An Internship program is the doorway to your medical assistance career path. Stepping into a good program needs dedication, hard work and of course a well-written resume. As a matter of fact, a medical assistant internship resume is a bit different from the standard resumes. Resumes prepared for these ‘on the job’ training programs should concentrate less on the previous job experiences and focus more on the academic qualifications and other unique skills of the applicants. Unless you have a strong recommendation (referral), entering into an internship program is quite tricky. So, the key to catch this invaluable experience is to learn the right procedures to prepare a professional medical assistant resume while still being a student.

Easy steps to follow in your MA Internship Resume:

1. As the first step, type your ‘Contact Information’ such as, your name, home or any other valid mailing address, valid telephone number through which the organization can reach you. Make sure to include your email ID at the pinnacle of your internship resume.

2. Begin your resume with an apparent ‘Objective’ after providing the appropriate contact information. Basically, objectives in an internship resume are comparable to an authentic job resume but can be written in a much simpler and brief way.

3. By and large, it is better to set your font to a size of 10 or 12. Also, maintain the same font size for typing your resume heading. Create your resume by including different sections so that it is easier to interpret.

4. The first section of your resume must be allocated for including your ‘Educational Qualifications’. If you make the title in bold, then it will be apparent to the person who reads your resume.

5. Under the educational qualifications title, list down all your educational or academic level credentials and any other educational achievements that are associated with your internship program. Start listing the most ‘up to date’ academic information and sequentially go back to your high school grades. Type down the type of your degree, your degree major and the anticipated graduation date plus your current GPA. If your current GPA is low, i.e. less than 3.0, then think twice and decide whether or not to incorporate it in your resume. It is a great idea to list down all the other courses that are relevant to your job as well. In this section, you can also list all the awards and credits that you have received in your college. Nevertheless, list your neighborhood based awards, such as volunteer work in a separate section of your resume.

6. Next, include the title ‘Skills’. Also, don’t forget to make it bold. Under this title, include all the records of your existing skills. For instance, under this title you can discuss about your:

  • Public speech skills
  • Computer skills (list down the software programs in which you are skillful)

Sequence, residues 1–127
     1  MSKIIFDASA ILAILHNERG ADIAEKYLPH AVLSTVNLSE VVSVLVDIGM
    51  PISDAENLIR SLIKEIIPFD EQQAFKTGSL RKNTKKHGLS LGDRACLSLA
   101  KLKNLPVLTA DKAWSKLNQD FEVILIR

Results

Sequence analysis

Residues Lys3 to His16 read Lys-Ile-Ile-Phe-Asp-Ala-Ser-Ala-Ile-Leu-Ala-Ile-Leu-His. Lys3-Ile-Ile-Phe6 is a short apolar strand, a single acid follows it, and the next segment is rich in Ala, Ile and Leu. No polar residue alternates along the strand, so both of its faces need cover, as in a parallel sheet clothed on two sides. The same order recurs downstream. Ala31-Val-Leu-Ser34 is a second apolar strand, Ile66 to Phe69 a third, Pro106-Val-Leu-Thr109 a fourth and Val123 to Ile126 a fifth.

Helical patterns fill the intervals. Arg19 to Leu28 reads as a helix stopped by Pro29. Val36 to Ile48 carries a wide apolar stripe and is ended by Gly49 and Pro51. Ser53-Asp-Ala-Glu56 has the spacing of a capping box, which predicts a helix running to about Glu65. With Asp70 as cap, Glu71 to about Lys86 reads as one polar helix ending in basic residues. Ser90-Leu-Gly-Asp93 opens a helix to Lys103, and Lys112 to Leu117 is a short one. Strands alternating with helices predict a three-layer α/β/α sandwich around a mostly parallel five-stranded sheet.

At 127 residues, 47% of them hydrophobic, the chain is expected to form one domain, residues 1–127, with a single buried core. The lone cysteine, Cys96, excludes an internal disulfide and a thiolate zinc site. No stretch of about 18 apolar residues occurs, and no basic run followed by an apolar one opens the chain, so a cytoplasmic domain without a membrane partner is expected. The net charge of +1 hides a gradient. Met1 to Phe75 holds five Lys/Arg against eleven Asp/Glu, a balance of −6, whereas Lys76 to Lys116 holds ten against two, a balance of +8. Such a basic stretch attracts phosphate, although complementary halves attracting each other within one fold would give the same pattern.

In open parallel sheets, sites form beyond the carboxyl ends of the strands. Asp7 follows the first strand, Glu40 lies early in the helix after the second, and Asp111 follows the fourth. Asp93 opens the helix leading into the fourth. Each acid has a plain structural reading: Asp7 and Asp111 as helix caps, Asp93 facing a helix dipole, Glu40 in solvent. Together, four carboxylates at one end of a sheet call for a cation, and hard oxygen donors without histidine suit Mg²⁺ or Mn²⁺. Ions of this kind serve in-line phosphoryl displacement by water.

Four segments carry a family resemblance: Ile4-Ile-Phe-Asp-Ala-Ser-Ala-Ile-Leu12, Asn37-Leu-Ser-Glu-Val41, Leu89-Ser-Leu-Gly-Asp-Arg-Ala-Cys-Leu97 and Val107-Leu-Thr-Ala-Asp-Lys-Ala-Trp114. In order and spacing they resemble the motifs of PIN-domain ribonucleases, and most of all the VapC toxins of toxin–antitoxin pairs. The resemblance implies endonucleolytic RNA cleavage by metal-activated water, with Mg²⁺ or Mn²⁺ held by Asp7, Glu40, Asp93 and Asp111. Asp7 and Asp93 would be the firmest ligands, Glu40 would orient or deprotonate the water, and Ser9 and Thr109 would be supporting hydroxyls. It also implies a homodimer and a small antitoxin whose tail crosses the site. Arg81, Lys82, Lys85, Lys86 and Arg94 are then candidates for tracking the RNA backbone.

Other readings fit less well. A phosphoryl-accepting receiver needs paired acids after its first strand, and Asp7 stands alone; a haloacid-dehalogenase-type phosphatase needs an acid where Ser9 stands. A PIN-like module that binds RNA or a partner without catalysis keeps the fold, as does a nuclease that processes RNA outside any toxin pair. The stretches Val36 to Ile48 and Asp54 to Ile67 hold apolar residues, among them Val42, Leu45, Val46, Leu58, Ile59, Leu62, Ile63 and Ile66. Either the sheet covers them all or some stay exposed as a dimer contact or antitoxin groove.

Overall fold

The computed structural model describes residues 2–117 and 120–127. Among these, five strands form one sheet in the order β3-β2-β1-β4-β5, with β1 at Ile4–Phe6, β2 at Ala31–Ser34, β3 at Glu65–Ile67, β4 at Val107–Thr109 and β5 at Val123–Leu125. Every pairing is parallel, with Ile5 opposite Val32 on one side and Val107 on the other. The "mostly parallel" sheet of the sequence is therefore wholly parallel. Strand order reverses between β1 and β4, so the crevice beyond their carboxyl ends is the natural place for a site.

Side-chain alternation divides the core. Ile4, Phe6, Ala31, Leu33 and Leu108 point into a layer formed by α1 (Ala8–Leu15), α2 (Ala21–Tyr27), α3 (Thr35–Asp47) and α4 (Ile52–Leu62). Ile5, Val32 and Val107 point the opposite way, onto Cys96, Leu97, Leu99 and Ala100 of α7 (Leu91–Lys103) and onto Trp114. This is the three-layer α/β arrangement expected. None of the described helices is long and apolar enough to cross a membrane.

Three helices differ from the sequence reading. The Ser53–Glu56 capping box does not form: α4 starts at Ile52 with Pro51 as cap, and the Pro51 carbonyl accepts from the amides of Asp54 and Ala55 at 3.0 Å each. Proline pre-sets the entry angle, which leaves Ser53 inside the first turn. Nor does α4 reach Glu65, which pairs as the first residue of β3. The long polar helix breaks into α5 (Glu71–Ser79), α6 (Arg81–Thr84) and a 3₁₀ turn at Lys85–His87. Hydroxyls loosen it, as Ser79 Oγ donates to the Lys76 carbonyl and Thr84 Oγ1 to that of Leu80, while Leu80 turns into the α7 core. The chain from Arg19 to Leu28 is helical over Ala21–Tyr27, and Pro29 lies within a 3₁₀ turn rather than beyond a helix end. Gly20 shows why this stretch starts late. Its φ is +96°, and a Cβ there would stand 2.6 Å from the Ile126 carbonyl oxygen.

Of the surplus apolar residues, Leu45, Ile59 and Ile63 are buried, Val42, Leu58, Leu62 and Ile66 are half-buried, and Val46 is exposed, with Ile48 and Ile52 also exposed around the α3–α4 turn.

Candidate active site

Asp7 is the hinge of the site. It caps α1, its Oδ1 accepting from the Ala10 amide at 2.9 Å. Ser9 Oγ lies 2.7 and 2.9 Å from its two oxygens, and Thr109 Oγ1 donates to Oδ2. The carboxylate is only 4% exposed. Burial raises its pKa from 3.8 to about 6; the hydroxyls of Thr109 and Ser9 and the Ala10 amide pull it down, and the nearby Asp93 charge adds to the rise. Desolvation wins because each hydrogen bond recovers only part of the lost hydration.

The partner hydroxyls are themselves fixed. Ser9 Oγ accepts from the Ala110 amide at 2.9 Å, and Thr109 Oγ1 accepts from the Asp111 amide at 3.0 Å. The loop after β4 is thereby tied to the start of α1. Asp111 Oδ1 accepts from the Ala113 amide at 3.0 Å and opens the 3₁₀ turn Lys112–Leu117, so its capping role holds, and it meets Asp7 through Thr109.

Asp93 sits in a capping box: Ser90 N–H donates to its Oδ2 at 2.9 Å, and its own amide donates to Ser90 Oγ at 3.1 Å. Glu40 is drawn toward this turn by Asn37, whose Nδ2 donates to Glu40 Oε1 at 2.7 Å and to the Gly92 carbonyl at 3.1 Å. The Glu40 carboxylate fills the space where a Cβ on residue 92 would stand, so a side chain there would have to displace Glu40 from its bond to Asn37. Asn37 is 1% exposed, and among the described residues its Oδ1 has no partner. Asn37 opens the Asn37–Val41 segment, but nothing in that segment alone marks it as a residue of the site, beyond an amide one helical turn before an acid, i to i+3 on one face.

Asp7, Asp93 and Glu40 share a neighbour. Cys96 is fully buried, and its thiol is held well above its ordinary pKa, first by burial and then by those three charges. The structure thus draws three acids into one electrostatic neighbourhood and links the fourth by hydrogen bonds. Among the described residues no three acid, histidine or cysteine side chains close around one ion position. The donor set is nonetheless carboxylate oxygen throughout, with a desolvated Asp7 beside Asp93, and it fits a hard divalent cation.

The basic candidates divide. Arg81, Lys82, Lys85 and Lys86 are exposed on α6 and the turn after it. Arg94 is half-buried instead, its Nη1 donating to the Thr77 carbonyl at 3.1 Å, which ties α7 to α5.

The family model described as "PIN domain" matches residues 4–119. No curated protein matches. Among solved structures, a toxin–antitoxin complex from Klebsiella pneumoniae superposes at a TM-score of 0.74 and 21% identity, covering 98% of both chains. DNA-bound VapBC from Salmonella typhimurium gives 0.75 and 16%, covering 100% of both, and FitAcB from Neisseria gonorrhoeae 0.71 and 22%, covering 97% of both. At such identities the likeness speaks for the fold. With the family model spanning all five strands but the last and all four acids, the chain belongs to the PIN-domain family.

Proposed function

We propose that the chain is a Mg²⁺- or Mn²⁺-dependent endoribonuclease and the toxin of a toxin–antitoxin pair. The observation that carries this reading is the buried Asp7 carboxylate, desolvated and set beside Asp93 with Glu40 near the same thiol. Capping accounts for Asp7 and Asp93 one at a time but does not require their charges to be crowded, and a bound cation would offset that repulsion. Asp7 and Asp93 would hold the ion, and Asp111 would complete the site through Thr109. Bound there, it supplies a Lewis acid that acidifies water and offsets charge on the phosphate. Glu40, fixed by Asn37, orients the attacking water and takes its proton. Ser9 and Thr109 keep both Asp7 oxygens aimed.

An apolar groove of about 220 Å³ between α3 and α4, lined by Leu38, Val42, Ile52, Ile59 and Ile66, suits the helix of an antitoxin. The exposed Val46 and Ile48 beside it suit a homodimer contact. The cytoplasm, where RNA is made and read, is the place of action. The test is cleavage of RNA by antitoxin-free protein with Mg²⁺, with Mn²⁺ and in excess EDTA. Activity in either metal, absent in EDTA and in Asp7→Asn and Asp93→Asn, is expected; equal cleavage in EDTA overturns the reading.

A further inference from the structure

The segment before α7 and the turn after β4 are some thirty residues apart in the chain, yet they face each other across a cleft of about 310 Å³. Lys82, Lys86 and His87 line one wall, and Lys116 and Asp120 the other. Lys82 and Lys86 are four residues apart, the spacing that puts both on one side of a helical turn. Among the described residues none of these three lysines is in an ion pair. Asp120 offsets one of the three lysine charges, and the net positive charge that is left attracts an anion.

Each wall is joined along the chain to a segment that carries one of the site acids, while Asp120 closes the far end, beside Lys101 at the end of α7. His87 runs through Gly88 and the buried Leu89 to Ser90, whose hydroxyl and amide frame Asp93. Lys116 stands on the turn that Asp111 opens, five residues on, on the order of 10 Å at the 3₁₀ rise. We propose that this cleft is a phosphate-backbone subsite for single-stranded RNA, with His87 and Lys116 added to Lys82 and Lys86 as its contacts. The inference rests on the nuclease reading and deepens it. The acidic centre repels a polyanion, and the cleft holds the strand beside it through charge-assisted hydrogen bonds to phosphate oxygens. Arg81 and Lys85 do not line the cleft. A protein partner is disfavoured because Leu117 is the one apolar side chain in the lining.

• Interpersonal skills
  • Communication skills
  • Any unique groups or projects in which you took part

Include several other achievements that may aid you in receiving an internship. An example statement that can be written under the list of your skills can be: I got a 3.85 in my computer course, I got a 3.4 in my people skills course, and I also have taken part in several cultural activities in my college.

7. Allocate a ‘well-built’ section for listing your ‘Previous Employment’ experiences. Make the title ‘previous employment’ into bold. It is very important to sort out carefully and craft this section in a professional manner as experience is the core expectation for any job. This section should showcase your career history and previous work experiences, even though it may not be in the medical assisting line of work. In addition, the ‘previous employment’ section will offer you a prospective internship and employer job-related references. If you don’t have any previous work experience, then you may very well include your exclusive experiences in your college or high school projects. You can very well include a list of your interests and activities that exhibit your headship, organizational and communication skills.

8. Create an individual section for listing down your ‘Additional Activities’. The title may also be given as volunteer activities, college activities or simply extracurricular activities. Make the title bold so that it counterparts with all the other titles in your internship resume. This title should cover up your:

  • Volunteer or charitable activities
  • All sorts of extracurricular activities

In essence, all potential employers who select their interns would like to know whether an intern is well-formed and multi-talented.

9. Now it’s time to draft  the ‘References’ title. As a rule, references are typed on a separate sheet of paper and handed over to the employer if he or she requests. Try not to list more than 3 references. Your high school instructors or present college professors, any other employers or managers can be listed as the references under this title. But, do not incorporate the names of any personal references. Include details such as, the names, designations, exact places of occupation, telephone numbers addresses of your references.

10. Proofread your resume. Request the career adviser of your college or training school or even your friend to proof read your resume.